When pineapples tell the cost of Brexit

When pineapples tell the cost of Brexit

Britain is increasingly grappling with the bewildering economic consequences of its pending departure from the European Union. For one company, Nim's Fruit Crisps, in Sittingbourne, England, the effect is measured in the soaring cost of pineapple.

Nim's dries fruits into snacks served up like potato chips, operating out of a former metal shop in this industrial enclave east of London. One of its best-selling varieties uses pineapple from Costa Rica that is shipped in by an Amsterdam-based trading company.

The pineapple is priced in euros. Since Britain's decision to leave the European Union - widely known as Brexit - the British pound has surrendered nearly 14 percent of its value against the euro on fears that trade will be disrupted.

Confronting higher prices for pineapple, the company's founder, Nimisha Raja, recently brought in a machine to replace three workers who used to peel fruit by hand. "I had to cut costs somewhere," she said.

She could be speaking for all of Britain.

In the 16 months since the referendum that set Brexit in motion, the British economy has weakened in the face of a confounding array of uncertainties. Thrift is the order of the day, along with worries about multinational companies' paring their investments in Britain.

Last week, the picture appeared to brighten, as official data showed the economy had expanded a tad more than expected between July and September. The growth of 0.4 percent for the quarter, which bested expectations of 0.3 percent, reinforced the market's assumptions that the Bank of England will lift rates when it convenes on Thursday, using a presumably stronger economy as the impetus.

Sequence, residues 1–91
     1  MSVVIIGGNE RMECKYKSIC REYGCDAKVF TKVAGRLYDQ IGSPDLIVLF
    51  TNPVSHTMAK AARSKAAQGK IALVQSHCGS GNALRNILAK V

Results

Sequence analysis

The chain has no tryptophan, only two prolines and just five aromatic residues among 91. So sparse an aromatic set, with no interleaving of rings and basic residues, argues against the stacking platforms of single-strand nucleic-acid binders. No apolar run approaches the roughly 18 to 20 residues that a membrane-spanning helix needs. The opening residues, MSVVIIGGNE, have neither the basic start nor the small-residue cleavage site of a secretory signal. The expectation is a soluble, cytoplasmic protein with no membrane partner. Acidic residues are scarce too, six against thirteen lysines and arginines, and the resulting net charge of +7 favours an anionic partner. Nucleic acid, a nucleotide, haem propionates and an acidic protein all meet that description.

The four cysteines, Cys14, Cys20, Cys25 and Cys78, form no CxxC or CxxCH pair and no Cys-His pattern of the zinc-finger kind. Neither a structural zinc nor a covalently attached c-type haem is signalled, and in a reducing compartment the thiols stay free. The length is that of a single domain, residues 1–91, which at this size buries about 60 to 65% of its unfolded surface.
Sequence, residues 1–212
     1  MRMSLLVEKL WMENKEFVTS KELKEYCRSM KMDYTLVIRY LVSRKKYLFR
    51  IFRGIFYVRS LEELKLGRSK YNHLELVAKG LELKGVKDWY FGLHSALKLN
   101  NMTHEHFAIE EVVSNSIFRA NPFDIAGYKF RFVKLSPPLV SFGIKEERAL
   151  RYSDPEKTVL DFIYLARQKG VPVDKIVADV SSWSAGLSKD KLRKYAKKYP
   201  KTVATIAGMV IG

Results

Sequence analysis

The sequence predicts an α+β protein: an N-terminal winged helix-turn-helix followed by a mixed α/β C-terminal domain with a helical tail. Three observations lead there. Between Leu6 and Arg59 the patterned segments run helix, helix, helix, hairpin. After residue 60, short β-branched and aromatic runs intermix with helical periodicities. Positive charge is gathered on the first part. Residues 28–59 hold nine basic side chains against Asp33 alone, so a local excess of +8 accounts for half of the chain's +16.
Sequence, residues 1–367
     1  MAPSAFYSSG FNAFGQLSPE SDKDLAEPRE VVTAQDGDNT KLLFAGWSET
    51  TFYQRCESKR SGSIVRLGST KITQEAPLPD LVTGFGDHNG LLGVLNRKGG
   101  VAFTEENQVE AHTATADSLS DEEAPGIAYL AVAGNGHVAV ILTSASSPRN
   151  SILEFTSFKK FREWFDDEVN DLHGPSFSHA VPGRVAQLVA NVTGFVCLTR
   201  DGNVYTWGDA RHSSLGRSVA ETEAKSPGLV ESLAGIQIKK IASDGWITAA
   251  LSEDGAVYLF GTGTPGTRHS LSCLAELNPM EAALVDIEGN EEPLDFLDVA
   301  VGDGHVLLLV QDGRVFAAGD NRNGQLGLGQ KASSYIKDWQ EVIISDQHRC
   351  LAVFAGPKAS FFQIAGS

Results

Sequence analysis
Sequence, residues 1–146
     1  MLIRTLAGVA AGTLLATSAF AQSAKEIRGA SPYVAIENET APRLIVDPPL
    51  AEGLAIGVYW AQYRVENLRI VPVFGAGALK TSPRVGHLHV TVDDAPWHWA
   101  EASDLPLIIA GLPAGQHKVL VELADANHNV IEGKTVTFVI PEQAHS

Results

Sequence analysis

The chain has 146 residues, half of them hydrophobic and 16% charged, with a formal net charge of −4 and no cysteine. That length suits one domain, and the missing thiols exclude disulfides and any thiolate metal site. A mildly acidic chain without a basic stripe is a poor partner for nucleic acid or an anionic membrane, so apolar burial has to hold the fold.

But some economists fear such a move is premature given Britain's fragile state. Many focused on plunging retail and car sales as a harbinger of trouble.

The drop in the pound has lifted prices on goods ranging from Italian olive oil to Chinese-made electronics. The rate of inflation reached 3 percent in September, the fastest pace in five years. Consumer spending has dipped during the past year while consumer credit is rising - a combination that often ends badly.

The Brexit referendum prompted negotiations through which Britain and a jilted Europe are supposed to hash out their future dealings. But the talks have proved acrimonious and largely futile. This has heightened concerns that a two-year deadline on negotiations could pass without a deal, subjecting companies that trade across the English Channel with unsettling ambiguities about future rules. The Bank of England has been warning banks to prepare for that very eventuality as one possible outcome.

With the boundaries of commerce unclear, some companies are reassessing the appeal of centering operations in Britain, the former seat of a global empire that increasingly looks like an island nation.

"Clearly, growth has slowed quite sharply over the last several months," said Peter Dixon, a global financial economist at Commerzbank AG in London. "There is a sense that companies have been postponing investment."